Am I Wrong?

Children crossing
The current crisis of over 50K unaccompanied children crossing the U.S. borders have almost fallen from the news radar. Plenty of finger-pointing heated arguments and what becomes automatic polarization of any and all issues is common. Some little progress is taking place through funds allocated to quick deportation. ‘Let’s get rid of the problem’, I mean children, mentality prevails.

Nobody is addressing root causes.

For the returned children and their families, life will likely be worse than before engaging in the dangerous trip to the U.S. Maybe it is not our problem what’s happening in neighboring Mexico, Honduras, Nicaragua and Guatemala.

Maybe it is.

We do not want to accept that there is a humanitarian crisis at our borders. It is easier to feel safer by returning these children quickly, building bigger border walls, or, and we should, going after the ‘coyotes’ who smuggle children. It is easy to deny that there is a violence crisis in Central America or to even think that it is touching us.

I ask, why have violence surged in these countries? Drug cartels have existed for years. Nobody dares to look deeply into the answer. It is easy to blame the government or ‘those’ people.

Am I wrong to believe that as Americans we can do better? Let me offer some suggestions:

1) Although nobody has yet studied the long-term effects of the 1994 Assault Weapons laws end in 2004; ask anyone in Mexico or in Central American and he/she will point out to the immediate rise in violence correlated to the laws ending. An obvious, easy and no-cost to taxpayers solution is to re-enact these laws.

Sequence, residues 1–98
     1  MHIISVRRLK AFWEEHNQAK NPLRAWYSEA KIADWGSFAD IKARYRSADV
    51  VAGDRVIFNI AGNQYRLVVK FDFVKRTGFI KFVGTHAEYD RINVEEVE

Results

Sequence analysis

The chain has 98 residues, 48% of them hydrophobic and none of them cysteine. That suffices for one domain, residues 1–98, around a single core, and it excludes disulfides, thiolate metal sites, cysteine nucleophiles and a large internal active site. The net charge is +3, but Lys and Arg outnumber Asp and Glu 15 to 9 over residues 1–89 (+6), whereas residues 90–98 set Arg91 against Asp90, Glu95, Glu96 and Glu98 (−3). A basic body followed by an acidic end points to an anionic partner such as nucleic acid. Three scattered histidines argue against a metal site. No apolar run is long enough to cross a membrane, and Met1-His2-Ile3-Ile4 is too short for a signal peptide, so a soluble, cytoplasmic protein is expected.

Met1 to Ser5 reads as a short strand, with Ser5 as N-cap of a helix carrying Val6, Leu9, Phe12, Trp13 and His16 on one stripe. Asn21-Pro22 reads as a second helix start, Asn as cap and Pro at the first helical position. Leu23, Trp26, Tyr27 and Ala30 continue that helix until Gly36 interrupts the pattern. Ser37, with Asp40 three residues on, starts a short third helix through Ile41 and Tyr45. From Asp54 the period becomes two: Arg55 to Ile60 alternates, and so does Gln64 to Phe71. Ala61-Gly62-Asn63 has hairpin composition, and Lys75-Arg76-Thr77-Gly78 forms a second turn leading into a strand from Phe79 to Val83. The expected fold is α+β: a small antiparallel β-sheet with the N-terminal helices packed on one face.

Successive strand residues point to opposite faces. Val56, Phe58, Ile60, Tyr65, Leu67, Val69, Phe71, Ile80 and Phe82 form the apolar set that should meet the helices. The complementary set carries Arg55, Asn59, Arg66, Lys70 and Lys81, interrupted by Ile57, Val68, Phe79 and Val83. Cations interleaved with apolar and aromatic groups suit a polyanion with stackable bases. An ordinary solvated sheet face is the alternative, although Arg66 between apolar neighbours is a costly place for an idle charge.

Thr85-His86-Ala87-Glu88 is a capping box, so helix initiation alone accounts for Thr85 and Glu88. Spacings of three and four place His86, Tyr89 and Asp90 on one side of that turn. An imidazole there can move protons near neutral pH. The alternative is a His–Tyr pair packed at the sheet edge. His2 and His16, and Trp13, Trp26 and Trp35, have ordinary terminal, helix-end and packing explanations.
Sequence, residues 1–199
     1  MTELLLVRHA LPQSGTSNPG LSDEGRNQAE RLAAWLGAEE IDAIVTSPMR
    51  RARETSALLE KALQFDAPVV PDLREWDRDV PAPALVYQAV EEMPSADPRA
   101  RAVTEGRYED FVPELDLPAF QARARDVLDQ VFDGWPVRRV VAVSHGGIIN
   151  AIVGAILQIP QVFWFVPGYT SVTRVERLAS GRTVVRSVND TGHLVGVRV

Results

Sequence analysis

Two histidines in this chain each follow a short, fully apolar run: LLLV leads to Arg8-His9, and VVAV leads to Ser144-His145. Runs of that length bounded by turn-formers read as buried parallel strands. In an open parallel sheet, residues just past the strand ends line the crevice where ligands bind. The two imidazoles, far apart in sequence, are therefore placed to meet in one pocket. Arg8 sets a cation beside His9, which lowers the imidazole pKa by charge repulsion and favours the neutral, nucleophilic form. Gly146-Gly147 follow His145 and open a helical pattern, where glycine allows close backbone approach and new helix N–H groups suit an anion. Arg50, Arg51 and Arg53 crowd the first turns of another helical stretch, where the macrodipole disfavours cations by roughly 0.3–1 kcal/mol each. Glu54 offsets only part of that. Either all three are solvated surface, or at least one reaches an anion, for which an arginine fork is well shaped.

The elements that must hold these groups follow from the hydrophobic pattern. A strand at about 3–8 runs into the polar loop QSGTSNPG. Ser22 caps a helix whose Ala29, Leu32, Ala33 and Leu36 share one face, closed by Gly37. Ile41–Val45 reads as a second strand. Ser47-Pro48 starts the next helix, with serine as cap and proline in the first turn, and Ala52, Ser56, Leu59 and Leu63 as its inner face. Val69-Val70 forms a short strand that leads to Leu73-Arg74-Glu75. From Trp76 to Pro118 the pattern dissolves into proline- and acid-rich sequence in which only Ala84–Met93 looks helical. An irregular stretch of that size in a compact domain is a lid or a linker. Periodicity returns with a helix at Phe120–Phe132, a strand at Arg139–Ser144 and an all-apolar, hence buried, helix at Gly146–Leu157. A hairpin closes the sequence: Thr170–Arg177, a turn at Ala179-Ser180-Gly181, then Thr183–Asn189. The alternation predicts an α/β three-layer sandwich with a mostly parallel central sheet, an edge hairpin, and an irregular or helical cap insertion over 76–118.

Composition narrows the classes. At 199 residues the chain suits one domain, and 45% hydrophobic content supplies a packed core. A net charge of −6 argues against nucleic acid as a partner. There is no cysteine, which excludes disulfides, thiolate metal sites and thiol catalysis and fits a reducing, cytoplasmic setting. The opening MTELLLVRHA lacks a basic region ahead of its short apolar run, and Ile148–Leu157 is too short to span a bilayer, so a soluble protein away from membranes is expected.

2) Illegal drugs traffic bosses and its organized crime structure are outstanding businesses. They understand how to increase demand, distribution and marketing through latest technologies. Can we limit the enabling tools they use?
What about changing the public perception on drug usage from a mentality that ‘using drugs for fun is not bad as long as you are not hooked’ to ‘if you use illegal drugs you are helping murderers’? How would jokes about drug explorations look if tied to the cruel realities of drug trade and its trail of violence? Legalizing marijuana may ease some, but the allure of hard, expensive drugs is likely to continue.

3) In most of these countries $1 USA dollar roughly equals $10 in the local economy. What about taking modest amounts of money and invest in safe schools, entrepreneurial and trade organizations that give these children hope for the future and a safe role in their own destinies?